Vancouver’s property price growth has been fuelled by an influx of Chinese buyers, and now they are at the peak of their unsustainable house price bubble, according to the Swiss bank. Economists at UBS compared house prices across 18 cities and found that Stockholm, Sydney, Munich and Hong Kong are also in the miiddle of their own property bubbles, with house prices rising by up to an average of 50% in these countries since 2011.
The bubble report claims that every city in Europe, apart from Milan, sufferes from an over-valued property market. This is mainly due to the low interest rates that have lingered throughout Europe ever since the Euro debt crisis at the start of the decade.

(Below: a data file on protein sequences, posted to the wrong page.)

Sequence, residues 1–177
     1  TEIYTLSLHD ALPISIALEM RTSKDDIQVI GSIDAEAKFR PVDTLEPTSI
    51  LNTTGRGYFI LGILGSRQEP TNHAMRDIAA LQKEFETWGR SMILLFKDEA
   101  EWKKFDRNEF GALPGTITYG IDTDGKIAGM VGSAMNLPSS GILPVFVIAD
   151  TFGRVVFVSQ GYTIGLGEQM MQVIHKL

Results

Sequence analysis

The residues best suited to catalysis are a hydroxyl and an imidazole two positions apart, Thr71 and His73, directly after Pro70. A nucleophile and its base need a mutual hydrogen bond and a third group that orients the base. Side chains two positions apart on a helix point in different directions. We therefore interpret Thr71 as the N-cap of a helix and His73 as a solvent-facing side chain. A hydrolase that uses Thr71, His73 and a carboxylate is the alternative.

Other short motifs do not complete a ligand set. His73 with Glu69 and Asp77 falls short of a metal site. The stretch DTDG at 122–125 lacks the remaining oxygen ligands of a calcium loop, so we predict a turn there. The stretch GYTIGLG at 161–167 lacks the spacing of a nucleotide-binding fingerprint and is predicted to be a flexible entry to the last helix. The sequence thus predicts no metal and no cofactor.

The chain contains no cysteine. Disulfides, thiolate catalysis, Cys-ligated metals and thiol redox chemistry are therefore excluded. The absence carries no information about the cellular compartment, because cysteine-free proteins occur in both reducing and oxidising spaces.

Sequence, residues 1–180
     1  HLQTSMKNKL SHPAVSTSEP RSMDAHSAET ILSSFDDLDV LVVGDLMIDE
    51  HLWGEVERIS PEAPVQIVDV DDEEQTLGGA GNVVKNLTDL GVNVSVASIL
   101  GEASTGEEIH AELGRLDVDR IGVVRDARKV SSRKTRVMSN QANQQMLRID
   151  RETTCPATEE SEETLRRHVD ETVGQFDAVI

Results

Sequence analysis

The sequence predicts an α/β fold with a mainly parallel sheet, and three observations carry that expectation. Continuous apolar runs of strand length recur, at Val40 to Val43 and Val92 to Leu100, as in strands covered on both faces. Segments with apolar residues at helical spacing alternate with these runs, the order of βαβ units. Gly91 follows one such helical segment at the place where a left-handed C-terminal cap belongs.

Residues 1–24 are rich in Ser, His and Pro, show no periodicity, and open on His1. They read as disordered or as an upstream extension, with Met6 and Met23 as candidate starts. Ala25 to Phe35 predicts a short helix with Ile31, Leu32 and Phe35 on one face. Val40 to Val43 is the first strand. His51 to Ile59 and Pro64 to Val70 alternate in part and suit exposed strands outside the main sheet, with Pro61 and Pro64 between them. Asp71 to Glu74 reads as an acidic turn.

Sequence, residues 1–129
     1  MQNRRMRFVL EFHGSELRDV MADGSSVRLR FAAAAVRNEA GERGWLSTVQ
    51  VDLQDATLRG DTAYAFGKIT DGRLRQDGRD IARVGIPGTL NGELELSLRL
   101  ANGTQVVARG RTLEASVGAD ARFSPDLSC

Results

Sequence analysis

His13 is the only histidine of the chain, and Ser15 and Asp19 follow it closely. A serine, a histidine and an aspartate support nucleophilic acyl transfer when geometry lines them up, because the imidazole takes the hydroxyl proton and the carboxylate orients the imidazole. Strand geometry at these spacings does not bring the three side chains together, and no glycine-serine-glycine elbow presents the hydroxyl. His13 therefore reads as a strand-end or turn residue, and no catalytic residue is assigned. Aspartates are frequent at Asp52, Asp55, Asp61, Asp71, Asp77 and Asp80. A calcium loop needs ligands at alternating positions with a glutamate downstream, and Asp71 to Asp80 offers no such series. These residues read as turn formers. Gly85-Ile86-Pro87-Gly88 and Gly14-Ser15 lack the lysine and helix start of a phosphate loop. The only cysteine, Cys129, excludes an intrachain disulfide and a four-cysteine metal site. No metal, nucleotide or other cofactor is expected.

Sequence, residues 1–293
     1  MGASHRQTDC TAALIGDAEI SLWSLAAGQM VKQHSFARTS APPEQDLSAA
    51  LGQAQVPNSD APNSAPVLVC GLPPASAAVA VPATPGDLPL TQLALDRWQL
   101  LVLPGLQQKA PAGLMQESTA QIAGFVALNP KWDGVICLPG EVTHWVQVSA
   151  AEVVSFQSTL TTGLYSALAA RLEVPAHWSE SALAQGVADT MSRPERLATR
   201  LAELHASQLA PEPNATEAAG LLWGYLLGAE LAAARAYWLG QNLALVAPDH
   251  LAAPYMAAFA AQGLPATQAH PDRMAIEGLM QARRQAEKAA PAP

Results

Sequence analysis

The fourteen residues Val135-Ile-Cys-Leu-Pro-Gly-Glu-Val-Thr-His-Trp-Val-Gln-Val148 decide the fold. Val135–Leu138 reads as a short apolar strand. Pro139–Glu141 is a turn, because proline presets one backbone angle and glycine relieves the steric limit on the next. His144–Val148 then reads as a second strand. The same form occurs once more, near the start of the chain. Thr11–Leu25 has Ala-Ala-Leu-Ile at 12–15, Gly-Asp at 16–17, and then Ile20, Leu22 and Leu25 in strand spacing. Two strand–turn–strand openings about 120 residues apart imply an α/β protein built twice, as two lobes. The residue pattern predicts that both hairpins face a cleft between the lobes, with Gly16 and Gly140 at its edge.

UBS Wealth Management’s Claudio Saputelli said: “What these cities have in common are excessively low interest rates, which are not consistent with the robust performance of the real economy. When combined with rigid supply and sustained demand from China, this has produced an ideal setting for excesses in house prices.”
The bubble report aceepts that a bubble cannot be proven conclusively until it bursts. However, it does warn that: “the situation is fragile for the most overvalued housing markets. A sharp increase in supply, higher interest rates or shifts in the international flow of capital could trigger a major price correction at any time.”